He eventually stopped throwing bottles — Stevens assumes it’s because the police finally caught up to him through her tracking efforts — but she said that he still drives by every day.

“It’s really scary to me because … he’s got nothing better to do with his time, which is shocking, and also why are you driving by when you aren’t throwing the bottles any more?” Stevens said. “So I’m a little fearful that he may have some more ideas to do something to harass us, but I don’t scare easily either.”

But this small victory made little more than a dent in the “constant stream” of trash being thrown at the RVs including condoms and other “dirty things like that,” according to Stevens.

Another individual would honk all the way down the line of RVs, often at 6 a.m. or 10 p.m., when many of the residents are sleeping. 

“I think the impression is ‘We’re gonna wake you and harass you,’” Stevens said. “Or whatever his intentions are, he honks all the way through.”

FOCUSING ON THE POSITIVE

Despite their tumultuous lives and unstable housing situations, both Wilkins and Stevens have found ways to stay positive. 

Stevens helps relocate abandoned dogs and has one of her own, Sally, with whom she plays hide and seek; Sally even knows the commands for “warmer” and “colder” to help her find toys that Stevens hides in her RV.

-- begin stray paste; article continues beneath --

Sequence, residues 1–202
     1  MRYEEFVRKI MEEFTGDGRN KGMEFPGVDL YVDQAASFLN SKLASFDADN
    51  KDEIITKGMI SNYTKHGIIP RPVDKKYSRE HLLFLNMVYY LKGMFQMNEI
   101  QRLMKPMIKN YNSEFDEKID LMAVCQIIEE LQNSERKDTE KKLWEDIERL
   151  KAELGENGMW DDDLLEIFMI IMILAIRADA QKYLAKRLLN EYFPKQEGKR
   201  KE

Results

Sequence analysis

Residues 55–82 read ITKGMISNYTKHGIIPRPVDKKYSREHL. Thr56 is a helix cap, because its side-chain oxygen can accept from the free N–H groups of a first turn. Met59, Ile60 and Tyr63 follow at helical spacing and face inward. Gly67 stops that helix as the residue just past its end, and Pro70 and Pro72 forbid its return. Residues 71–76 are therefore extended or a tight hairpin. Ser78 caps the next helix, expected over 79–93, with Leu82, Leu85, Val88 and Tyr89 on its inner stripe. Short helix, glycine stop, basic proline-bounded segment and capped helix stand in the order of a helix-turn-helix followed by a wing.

When she lived in a house, Stevens took it upon herself to call dog owners who would abandon their pets at parks and asked them to bring their dogs to shelters, or if that wasn’t possible, she would drive over to the owner and pick up the dogs herself to ensure they were not used for bait or other cruel practices.

In fact, one of the dogs she picked up and rescued from abandonment was Sally. 

Sally had breast cancer, a hernia, and a host of other medical issues, as many abandoned dogs do but Stevens stuck with her through her recovery.

“She is now my love and my everything,” Stevens said.

According to Stevens, Sally goes crazy around Wilkins because she loves seeing him so much, and Sally keeps them all smiling.

Another bright spot in their lives is Wilkins’ love of music. Stevens said that he was simply “born to play” music and has a raw talent with his guitar and vocals. Wilkins strums original songs on his guitar to take him away from the grim realities of a strenuous life in an RV. 

His music connects him to the world around, but he said he wishes more people would listen to not just his music, but what RV residents have to say.

“There’s no difference between the people that are down here living in RVs and on your streets,” Wilkins said. “It’s just our homes are on wheels.”